In response to the confirmed a positive case of Highly Pathogenic Avian Influenza case confirmed in Missouri, the Kansas Department of Agriculture has established quarantine zones in Crawford and Cherokee counties to respond quickly and decisively to eradicate the outbreak of HPAI.
The quarantine area is bordered by the following roads:
Crawford County Kansas
West on 560th Avenue (also known as 20th Street) to 240th Street (also known as Free Kings Highway)
South on 240th Street (Free Kings Highway) to 550th Avenue (also known as Kansas 126 Highway)
West on 550th Avenue (Kansas 126 Highway) to Rouse Street
South on Rouse Street to Ford Street
West on Ford Street to Broadway (also known as Business Highway U.S. 69)
South on Broadway (Business Highway U.S. 69) merging into 220th Avenue to Junction with U.S. 69 Highway at the Cherokee County line.
Cherokee County Kansas
South on U.S. 69 Highway to Scammond Road
East on Scammond Road to 85th Street
South on 85th Street to Star Valley Road
Star Valley Road to the Missouri line
The transportation of all HPAI susceptible livestock, including live poultry and poultry products (including eggs), into or out of the designated control zone within Cherokee and Crawford counties in Kansas is prohibited unless authorized by an official permit. Poultry and poultry products, including eggs, within the control zone shall not be transported without first receiving an official permit. Permits issued by the Missouri Department of Agriculture Animal Health Division for the movement of poultry or poultry products, including eggs, from the control area in Missouri into Kansas will be accepted.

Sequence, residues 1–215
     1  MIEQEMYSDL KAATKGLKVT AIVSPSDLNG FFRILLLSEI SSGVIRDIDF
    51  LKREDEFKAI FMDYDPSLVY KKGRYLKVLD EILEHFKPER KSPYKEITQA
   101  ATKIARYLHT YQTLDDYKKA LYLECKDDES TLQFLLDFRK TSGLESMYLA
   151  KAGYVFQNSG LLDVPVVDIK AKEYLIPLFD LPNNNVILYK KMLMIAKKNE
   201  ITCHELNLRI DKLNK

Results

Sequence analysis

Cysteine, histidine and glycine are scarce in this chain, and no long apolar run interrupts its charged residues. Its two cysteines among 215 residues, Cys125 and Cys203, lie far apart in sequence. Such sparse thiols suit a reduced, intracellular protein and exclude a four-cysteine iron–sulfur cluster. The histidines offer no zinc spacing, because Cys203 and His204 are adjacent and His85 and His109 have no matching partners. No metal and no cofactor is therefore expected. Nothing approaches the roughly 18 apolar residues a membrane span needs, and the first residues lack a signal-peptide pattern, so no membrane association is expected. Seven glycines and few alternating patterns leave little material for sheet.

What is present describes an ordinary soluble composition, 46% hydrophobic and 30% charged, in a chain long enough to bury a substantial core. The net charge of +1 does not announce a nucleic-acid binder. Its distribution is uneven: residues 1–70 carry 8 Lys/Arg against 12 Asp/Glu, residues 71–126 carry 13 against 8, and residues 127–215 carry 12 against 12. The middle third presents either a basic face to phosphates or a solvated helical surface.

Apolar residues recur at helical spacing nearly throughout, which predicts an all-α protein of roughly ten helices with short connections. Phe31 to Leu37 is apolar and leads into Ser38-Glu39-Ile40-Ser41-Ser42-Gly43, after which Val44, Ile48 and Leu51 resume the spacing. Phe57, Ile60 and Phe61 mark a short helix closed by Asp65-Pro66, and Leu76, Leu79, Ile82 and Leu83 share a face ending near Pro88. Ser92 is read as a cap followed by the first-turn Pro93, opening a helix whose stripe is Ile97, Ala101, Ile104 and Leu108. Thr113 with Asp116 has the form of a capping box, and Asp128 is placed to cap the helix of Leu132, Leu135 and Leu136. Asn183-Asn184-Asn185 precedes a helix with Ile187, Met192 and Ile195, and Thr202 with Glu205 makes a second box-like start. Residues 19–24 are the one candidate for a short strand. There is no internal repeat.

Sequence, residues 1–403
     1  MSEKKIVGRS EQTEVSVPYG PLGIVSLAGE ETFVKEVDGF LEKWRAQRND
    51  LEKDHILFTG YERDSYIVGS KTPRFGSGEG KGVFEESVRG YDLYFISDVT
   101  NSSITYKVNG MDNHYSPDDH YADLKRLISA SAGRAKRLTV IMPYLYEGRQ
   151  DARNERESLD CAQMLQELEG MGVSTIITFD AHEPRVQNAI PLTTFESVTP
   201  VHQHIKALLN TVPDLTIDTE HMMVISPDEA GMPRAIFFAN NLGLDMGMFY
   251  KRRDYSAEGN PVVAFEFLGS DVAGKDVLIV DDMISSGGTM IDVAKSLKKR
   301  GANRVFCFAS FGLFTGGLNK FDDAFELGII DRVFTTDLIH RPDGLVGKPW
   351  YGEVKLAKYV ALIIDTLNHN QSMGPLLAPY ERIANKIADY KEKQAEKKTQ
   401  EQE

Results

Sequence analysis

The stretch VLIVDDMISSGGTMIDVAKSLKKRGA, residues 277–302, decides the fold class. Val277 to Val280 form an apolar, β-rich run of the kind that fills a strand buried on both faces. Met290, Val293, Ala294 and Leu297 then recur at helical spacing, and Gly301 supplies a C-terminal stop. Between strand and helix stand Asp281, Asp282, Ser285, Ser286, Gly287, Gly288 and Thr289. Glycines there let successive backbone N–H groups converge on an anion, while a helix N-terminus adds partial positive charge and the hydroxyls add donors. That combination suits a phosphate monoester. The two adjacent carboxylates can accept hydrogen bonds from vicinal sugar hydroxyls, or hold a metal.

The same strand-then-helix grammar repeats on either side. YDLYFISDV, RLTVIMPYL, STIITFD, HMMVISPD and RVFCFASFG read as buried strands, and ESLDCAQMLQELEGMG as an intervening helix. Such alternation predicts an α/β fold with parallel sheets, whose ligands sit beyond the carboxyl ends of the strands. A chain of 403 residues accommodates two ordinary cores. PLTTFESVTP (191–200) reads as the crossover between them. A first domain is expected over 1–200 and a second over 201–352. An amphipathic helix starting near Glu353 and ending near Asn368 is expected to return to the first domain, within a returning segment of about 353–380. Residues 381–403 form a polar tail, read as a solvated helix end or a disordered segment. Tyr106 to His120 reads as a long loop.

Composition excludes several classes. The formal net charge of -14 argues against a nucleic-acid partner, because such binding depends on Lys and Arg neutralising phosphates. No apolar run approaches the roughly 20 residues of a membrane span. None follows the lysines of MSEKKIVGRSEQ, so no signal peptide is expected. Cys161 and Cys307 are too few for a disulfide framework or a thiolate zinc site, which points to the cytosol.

If you have questions regarding the quarantine area, visit the KDA website to see a map of the quarantined area.
Watch your flocks
Kansas Animal Health Commissioner Dr. Bill Brown encourages all poultry owners to closely monitor their flocks and contact their local veterinarian immediately if birds appear infected. For a listing of symptoms of HPAI, visit www.agriculture.ks.gov/avianinfluenza.
Please be vigilant about reporting signs of illness in your herd to your veterinarian immediately. Farmers and ranchers can protect their herds with good biosecurity practices including:
Isolate new animals
Move all livestock away from boundaries of your property
Clean clothing and boots should be worn when contact with livestock is expected.
Thoroughly clean and disinfect equipment and animal areas
Monitor your animals for signs of the disease
Abide by all movement restrictions
Other resources for bird owners include: USDA Biosecurity Guide for Poultry and Bird Owners and USDA Biosecurity
Source: Kansas Department of Agriculture